The perspective on the relationship between the healthcare industry and professional medical associations concerning the funding and delivery of continuing medical education (CME) has begun in an innovative White Paper published in the European Heart Journal, the European Society of Cardiology (ESC).
Essential in helping to reduce the burden of cardiovascular disease across Europe - the ESC's over-arching mission - physicians have both a professional and ethical duty to undertake CME in order to provide the highest level of patient care. Without it, medical knowledge can be out-of-date in just five years.
To facilitate this, the White Paper concludes that continued support and funding for CME from industry remains essential, and that the continued co-operation between the academic and private sectors is entirely appropriate as long as it always takes a principled and balanced approach. All such collaboration must also adhere to strict codes of conduct - such as that already in place at the ESC - to maintain transparency and minimise the risk of bias.
In the White Paper, the ESC suggests that avoiding single company sponsorship of CME through the provision of unrestricted educational grants may represent the most transparent way forward within the existing model - an area it believes warrants further research and debate.
Looking specifically at the delivery of educational programmes, the ESC believes a cultural shift may be required to maximise the effectiveness of CME. It proposes a move away from traditional learning formats such as lectures, and instead placing greater emphasis on small group practical sessions based on clinical cases.
The paper also concludes that as a professional, independent association representing more than 71,000 experts within every field of cardiovascular medicine, the ESC is well placed to lead the development of CME. The ESC has already designed a wide range of educational resources and programmes which are independently certified by organisations such as the European Accreditation Council for Continuing Medical Education (EACCME).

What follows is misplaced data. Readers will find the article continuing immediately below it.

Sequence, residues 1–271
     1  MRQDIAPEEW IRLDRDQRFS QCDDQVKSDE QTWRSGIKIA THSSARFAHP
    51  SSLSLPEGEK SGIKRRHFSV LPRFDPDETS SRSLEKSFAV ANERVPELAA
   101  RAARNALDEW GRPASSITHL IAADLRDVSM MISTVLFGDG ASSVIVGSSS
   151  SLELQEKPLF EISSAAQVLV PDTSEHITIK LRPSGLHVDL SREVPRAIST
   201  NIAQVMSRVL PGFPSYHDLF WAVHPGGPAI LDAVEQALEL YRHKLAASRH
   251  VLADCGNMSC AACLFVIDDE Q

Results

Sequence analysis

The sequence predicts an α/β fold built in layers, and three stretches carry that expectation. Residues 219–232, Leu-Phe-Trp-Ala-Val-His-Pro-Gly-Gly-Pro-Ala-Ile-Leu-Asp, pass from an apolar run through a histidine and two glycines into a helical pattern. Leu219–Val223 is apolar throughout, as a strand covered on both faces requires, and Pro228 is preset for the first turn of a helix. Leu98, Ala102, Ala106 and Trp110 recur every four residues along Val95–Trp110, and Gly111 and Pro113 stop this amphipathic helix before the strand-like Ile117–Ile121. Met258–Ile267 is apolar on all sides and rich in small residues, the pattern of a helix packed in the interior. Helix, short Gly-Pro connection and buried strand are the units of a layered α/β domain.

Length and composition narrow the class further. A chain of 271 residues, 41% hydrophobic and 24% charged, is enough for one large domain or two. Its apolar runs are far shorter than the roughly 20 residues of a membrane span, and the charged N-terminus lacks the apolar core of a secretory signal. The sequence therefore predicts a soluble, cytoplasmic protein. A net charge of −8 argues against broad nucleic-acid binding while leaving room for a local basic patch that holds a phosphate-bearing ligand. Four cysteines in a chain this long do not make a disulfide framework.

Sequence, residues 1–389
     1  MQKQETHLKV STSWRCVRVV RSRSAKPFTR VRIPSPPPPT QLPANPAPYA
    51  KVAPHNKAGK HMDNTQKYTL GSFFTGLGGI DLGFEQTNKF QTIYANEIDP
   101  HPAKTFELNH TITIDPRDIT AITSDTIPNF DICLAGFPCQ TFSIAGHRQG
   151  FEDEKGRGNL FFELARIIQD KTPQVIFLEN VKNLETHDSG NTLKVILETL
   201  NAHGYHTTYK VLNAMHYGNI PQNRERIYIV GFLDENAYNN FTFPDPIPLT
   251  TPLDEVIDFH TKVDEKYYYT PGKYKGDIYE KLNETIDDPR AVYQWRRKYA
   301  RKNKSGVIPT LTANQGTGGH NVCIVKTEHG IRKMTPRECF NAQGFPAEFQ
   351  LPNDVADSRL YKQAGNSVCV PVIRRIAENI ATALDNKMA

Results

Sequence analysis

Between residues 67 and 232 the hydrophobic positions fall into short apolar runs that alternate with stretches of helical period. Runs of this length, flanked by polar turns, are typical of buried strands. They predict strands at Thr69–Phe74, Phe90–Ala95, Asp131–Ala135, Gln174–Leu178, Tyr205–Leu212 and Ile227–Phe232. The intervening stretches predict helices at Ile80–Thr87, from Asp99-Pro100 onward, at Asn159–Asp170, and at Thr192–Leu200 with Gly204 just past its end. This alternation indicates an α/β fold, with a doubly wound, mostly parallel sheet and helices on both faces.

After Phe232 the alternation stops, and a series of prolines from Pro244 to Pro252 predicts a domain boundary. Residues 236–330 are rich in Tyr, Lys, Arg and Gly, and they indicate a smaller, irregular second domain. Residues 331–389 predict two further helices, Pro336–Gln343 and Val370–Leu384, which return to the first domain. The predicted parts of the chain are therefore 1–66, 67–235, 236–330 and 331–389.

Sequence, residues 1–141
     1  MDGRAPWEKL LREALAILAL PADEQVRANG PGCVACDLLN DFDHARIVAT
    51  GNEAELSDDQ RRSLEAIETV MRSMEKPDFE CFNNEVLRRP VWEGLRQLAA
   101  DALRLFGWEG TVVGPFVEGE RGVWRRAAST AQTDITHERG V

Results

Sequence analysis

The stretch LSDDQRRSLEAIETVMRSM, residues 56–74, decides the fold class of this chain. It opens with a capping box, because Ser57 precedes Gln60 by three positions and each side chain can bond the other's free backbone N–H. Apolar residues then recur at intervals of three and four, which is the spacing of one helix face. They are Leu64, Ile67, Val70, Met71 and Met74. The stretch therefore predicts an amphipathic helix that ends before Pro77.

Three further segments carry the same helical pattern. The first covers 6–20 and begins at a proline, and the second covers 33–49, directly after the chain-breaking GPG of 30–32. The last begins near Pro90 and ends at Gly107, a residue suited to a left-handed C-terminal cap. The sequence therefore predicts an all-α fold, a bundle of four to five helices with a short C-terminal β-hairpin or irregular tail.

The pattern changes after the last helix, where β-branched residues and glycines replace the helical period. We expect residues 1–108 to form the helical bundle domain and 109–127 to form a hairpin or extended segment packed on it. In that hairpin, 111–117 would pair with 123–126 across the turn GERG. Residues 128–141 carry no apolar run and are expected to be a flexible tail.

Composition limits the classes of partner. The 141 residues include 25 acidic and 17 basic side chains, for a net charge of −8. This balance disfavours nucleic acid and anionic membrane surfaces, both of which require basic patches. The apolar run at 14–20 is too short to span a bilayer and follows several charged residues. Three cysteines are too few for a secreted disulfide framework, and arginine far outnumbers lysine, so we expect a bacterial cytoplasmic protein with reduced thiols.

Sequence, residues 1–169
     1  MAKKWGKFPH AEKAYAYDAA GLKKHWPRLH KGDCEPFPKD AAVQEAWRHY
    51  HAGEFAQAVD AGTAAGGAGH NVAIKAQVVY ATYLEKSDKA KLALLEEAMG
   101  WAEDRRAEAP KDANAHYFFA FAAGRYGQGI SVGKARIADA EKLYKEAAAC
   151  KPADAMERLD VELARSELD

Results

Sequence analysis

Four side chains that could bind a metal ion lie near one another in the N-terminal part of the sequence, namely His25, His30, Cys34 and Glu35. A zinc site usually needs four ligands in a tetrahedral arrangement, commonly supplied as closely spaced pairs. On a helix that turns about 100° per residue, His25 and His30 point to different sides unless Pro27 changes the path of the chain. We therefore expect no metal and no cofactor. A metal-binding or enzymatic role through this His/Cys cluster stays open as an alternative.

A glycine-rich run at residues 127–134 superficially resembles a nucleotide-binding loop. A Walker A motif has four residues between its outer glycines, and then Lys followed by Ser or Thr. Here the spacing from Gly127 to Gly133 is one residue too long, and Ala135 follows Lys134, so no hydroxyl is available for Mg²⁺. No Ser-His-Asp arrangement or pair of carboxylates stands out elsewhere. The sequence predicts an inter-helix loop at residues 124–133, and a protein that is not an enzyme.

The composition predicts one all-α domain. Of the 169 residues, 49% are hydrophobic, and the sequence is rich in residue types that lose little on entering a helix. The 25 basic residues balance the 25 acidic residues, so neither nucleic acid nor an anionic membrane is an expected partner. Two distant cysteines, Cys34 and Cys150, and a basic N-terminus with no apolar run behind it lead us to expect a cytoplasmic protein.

In addition, the ESC publishes seven peer-reviewed general and specialist cardiology journals, from which 4.5 million electronic downloads are made every year, and has developed cutting-edge e-learning programmes which it believes will have an increasingly important role to play in CME in the future, by enabling physicians to learn without having to travel long distances.
Entitled 'Relations between professional medical associations and the healthcare industry, concerning scientific communication and continuing medical education - a Policy Statement from the European Society of Cardiology', it is hoped that the document will provide physicians, industry, policymakers and NGOs (non-governmental organisations) alike with much-needed clarity on the most appropriate ways to ensure the continued provision of CME, while at the same time maintaining transparency and public confidence.
Commenting on the importance of the White Paper, ESC President, Professor Michel Komajda says: "The implementation of medical advances is only possible if they are communicated effectively, and every cardiologist has a professional and ethical duty to keep up-to-date to offer patients the best possible care based on this progress.
"Without the healthcare industry's support for the provision of continuing medical education the onus would inevitably fall on the public sector, which is clearly not viable in light of today's challenging economic conditions across Europe."
Continues Prof Komajda: "Therefore, such involvement is necessary and entirely appropriate, but must take place in a principled manner, adhering to a strict code of conduct to ensure complete transparency. As a responsible and independent organisation, which draws on the collective wisdom of its members across all areas of cardiology to make considered and balanced decisions, the ESC is ideally placed to lead the development and delivery of CME in this fast moving and complex specialty and we hope our White Paper and best practice guidelines will make a significant contribution to this process."